Shipp debuted on record with 1987's Sonic Explorations, recorded with alto saxophonist Rob Brown and released on the Cadence label. Since then, the prolific pianist has made in excess of 30 albums, serving as leader for more than half of these recordings. His body of work includes his own compositions, such as 1998's Strata on the Swiss hatArt imprint, featuring saxophonist Daniel Carter, trumpeter Roy Campbell, and bassist William Parker, and 1994's Critical Mass for 2.13.61/Thirsty Ear, with appearances by violinist Mat Maneri. Additionally, Shipp recorded numerous albums with the David S. Ware Quartet, explored duo work with first-rate improvisers like guitarist Joe Morris for Thesis (released in 1997 on Hatology) and Roscoe Mitchell for 2-Z (released on 2.13 in 1997), and gave performances as a sideman. His body of work also contains offerings such as The Multiplication Table, comprising originals with striking new versions of jazz standards.

In 1999, Shipp returned with DNA, a duo with Parker full of introspective and abstract soundscapes that also branches out into traditional American music, as evidenced on an impassioned rendition of "When Johnny Comes Marching Home Again" and a straightforward reading of the spiritual "Amazing Grace." With the release of this album, however, Shipp announced in the fall of that year he would retire as a band leader, believing he had significantly documented his musical persona. Still, he showed no signs of slowing down as a performer, continuing to record with some of the most impressive artists on the contemporary music scene.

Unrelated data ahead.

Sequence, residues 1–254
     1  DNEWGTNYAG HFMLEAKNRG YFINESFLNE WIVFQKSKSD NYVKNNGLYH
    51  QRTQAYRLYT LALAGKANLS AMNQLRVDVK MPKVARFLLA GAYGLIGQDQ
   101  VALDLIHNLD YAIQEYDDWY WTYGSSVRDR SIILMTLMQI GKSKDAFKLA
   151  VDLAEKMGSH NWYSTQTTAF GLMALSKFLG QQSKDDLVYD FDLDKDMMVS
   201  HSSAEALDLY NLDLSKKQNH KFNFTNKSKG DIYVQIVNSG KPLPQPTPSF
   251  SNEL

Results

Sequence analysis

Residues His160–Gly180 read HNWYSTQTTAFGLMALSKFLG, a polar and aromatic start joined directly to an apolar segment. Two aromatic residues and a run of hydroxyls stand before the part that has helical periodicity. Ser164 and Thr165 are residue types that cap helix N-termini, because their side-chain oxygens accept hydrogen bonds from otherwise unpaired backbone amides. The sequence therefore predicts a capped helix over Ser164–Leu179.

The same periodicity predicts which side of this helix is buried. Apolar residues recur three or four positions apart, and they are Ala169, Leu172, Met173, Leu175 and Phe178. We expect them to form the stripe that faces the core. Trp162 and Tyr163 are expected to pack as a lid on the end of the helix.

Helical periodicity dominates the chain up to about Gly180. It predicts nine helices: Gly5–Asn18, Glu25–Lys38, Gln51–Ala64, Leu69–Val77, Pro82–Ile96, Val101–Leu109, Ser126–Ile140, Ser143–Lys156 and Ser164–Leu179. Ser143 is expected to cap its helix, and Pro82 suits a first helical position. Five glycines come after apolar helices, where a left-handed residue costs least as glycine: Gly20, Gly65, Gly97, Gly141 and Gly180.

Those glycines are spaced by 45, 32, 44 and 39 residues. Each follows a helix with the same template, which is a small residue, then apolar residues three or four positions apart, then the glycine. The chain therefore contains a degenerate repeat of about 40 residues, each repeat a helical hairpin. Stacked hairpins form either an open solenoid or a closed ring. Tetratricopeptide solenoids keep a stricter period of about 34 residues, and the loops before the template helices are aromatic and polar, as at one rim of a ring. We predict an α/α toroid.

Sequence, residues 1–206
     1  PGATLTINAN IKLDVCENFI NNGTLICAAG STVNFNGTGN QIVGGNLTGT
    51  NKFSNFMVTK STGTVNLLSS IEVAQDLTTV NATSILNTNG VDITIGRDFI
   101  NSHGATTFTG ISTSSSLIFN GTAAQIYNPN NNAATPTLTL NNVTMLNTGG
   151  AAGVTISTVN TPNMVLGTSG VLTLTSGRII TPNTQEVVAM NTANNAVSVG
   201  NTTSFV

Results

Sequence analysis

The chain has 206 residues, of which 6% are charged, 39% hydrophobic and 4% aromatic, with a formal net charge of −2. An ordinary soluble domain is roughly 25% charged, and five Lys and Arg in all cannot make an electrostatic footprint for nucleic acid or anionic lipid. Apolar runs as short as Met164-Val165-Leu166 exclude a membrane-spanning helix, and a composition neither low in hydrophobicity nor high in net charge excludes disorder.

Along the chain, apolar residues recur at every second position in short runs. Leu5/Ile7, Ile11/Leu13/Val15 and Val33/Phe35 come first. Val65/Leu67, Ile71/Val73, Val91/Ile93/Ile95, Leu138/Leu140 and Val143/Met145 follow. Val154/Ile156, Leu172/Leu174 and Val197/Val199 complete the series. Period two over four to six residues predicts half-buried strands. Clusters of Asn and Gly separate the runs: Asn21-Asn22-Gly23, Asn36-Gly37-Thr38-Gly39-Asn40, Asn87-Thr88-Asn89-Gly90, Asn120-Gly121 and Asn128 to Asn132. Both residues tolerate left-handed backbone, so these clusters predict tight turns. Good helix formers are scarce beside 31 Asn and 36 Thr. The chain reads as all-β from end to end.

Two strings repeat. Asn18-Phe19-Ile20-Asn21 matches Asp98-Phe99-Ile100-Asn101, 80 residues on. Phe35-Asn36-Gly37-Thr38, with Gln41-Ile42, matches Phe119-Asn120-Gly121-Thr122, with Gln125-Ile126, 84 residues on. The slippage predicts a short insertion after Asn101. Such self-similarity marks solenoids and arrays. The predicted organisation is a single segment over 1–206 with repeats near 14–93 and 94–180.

But Shipp's retirement from the driver's seat proved short-lived. In the spring of 2000, he reversed his proclamation, accepting an offer to become artistic director of former hardcore singer Henry Rollins' Thirsty Ear Record's new jazz imprint, the Blue Series. His first offering on the label, Pastoral Composure, released in April of that year, featured Shipp, Parker, Campbell, and drummer Gerald Cleaver. His most conventional work to date, drifting toward the mainstream with bright melodies infused with blues and bop, the album puzzled many of his longtime followers, but earned favorable reviews and included solo piano tracks that allowed Shipp to assert his distinctive style. Around the same time, Shipp released a duet with Maneri entitled Gravitational Forces, recorded before his hiatus.

In his new position at Thirsty Ear, Shipp called upon musicians who compose music that has been identified by the recording industry as the "ecstatic movement." Not surprisingly, Shipp himself took exception to such a label. "That's a marketing term, period," he said to Stalter. "I view myself as myself, and I'm not part of any movement or school. The only thing I would say I'm a part of is the world that centers around William Parker. I play a lot of situations, all different; even within my own music, I go for different things in different groups, though they're held together by the texture of my playing. I'm just a musician; not an ecstatic musician, not a this or that musician, just a musician."

by Laura Hightower

Matthew Shipp's Career

Took up piano at age five; focused on jazz beginning at age 12; relocated to New York, 1980s; released debut album, Sonic Explorations, 1987; released DNA, retired from leading own group, 1999; named artistic director of the Thirsty Ear Records line the Blue Series, released Pastoral Composure, 2000.